• Iran takes US hostages at the US embassy in Tehran. That was a direct strike on the US government. People in Iran were coming together in their defiance against the US. But the Carter administration did not reinstate Selective Service.
  • The USSR invades Afghanistan. Certainly, that was scary. The Soviets invading a country right next to all the oil fields? Talk about a threat to our national interest. But again Carter did not reinstate Selective Service.
  • USSR shoots down a Korean Airlines passenger jet. Man, that was like a direct attack on civilians and Korea was our ally. Tension was very high back then, but Reagan did not reinstate Selective Service.
  • Muslim terrorists bring down a PanAm flight over Scottland, and US intelligence traced the plot back to Libya and Reagan decides to retaliate. Sound like a situation in which we may need extra men to go to war? But again, Selective Service was not reinstated.

So what’s going on? Why is it being reinstated now. We have an elite military that is head and shoulders above the world, but for whatever reason, it cannot take care of business in Iraq. Over 1000 Americans have been killed in Iraq. Sadly, as President Bush insists that things are going as expected, more US soldiers are dying in Iraq and more Iraqis and other Muslims are rising up. If the war was going as expected, I would have expected better: fewer soliders dying and fewer uprisings. So I’m not sure how Bush defines expectations. But if more soldiers dying is the expected course of the war, then the reinstatement of Selective Service should be a red flag for every male between 18 and 26 in the United States.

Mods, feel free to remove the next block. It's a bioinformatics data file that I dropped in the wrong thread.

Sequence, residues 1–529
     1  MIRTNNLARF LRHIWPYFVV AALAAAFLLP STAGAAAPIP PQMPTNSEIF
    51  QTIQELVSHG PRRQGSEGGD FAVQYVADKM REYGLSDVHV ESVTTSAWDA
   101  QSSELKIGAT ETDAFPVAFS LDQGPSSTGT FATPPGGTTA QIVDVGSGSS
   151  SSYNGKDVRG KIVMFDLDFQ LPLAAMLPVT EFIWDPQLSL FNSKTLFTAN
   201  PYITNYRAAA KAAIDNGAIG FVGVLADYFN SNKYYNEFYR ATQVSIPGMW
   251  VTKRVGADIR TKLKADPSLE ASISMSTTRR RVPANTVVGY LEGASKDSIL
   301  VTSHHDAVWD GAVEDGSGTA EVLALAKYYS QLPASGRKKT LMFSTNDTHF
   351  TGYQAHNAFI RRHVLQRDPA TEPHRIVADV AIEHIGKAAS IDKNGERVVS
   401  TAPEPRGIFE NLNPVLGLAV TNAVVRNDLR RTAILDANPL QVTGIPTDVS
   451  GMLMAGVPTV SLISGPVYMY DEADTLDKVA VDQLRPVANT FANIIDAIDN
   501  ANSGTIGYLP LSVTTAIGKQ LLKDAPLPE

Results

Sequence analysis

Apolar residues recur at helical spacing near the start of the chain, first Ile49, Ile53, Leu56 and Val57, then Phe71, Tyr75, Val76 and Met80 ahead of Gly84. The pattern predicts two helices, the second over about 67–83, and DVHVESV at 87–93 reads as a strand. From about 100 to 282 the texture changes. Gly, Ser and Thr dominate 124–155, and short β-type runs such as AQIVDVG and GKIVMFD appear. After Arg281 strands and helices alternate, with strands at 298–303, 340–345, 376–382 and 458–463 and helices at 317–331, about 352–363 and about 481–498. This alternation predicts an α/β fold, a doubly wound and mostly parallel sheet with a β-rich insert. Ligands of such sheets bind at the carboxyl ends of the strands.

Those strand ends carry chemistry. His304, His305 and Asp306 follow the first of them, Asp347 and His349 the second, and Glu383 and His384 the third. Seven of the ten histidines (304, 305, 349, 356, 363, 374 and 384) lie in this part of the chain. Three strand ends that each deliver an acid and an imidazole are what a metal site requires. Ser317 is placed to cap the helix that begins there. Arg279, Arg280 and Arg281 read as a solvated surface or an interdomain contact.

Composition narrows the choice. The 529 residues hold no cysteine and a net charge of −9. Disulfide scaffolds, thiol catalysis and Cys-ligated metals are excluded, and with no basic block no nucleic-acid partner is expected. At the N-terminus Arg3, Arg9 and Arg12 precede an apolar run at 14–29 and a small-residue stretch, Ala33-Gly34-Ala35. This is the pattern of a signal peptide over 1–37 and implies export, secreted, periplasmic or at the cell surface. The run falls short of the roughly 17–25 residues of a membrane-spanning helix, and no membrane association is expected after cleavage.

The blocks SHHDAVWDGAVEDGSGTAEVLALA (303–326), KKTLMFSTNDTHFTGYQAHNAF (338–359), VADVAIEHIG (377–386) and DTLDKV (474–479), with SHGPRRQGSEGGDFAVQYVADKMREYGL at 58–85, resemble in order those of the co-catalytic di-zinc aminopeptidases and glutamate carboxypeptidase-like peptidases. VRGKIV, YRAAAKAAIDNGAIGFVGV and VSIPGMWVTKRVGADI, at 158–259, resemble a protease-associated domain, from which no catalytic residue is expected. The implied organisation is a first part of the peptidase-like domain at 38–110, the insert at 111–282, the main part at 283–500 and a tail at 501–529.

I have my own opinion about the war that I will talk about in the future. But for now, I want to make sure everyone thinks about Selective Service and its natural connection to the draft. Are you between 18 and 26? Are you willing to go to Iraq and fight? Do you want to leave your parents or wives or children to convert Iraq into a country that reflects our version of peace and freedom? Do you have a brother or son between 18 and 26? Do you want them to fight the fight in Iraq?

It is my hope that no one will have to go unwillingly, but I’m willing to bet that if Bush wins in November, he will consider it a referendum on his administration and be emboldened to take whatever steps necessary to fulfill his visions. Since part of that vision is to create a democratic and terrorist-free Iraq, it will likely take more men. Of course, if that is his position, next would be a democratic and nuclear-free North Korea and he would definitely need more troops for that.

So really, what do you think? Is it okay for our government to compel us to fight in Iraq?

Edit:

MattBlue just commented that you already have to register with Selective Service. Is this true? Of course, I have no reason to doubt what he says, making my argument above pretty moot. Does that mean all of you have registered? I’d like to hear from some of you older guys, like Sammy and Vlade, as well. Are you registered? After the Vietnam war, I could have sworn that no one registered for Selective Service. But I could just be another misinformed liberal nut….

If it’s Tuesday…

September 28, 2004

L

ife goes on. Two classes today, and nothing special really happened. Lately, I’ve been so exhausted that I don’t even have any good topics to write about. Me, no topic… Nothing to talk about… No, wait. I do have something. (Don’t you hate bloggers to simply write as they’re thinking? How pathetic is that?)